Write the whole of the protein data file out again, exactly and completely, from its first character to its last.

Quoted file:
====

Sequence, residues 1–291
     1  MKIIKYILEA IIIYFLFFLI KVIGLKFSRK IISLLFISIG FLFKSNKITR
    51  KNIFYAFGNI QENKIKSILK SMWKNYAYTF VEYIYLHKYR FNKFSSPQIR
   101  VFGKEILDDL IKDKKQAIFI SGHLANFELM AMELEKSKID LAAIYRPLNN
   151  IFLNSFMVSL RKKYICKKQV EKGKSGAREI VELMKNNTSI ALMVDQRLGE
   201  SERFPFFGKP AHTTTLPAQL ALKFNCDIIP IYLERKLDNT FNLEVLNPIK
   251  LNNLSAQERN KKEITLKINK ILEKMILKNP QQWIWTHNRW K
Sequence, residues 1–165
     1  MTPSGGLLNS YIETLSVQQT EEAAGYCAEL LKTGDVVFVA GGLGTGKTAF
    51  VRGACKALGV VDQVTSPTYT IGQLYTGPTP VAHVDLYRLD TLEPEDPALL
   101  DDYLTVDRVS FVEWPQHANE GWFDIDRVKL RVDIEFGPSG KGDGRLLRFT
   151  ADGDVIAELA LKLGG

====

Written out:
Sequence, residues 1–291
     1  MKIIKYILEA IIIYFLFFLI KVIGLKFSRK IISLLFISIG FLFKSNKITR
    51  KNIFYAFGNI QENKIKSILK SMWKNYAYTF VEYIYLHKYR FNKFSSPQIR
   101  VFGKEILDDL IKDKKQAIFI SGHLANFELM AMELEKSKID LAAIYRPLNN
   151  IFLNSFMVSL RKKYICKKQV EKGKSGAREI VELMKNNTSI ALMVDQRLGE
   201  SERFPFFGKP AHTTTLPAQL ALKFNCDIIP IYLERKLDNT FNLEVLNPIK
   251  LNNLSAQERN KKEITLKINK ILEKMILKNP QQWIWTHNRW K
Sequence, residues 1–165
     1  MTPSGGLLNS YIETLSVQQT EEAAGYCAEL LKTGDVVFVA GGLGTGKTAF
    51  VRGACKALGV VDQVTSPTYT IGQLYTGPTP VAHVDLYRLD TLEPEDPALL
   101  DDYLTVDRVS FVEWPQHANE GWFDIDRVKL RVDIEFGPSG KGDGRLLRFT
   151  ADGDVIAELA LKLGG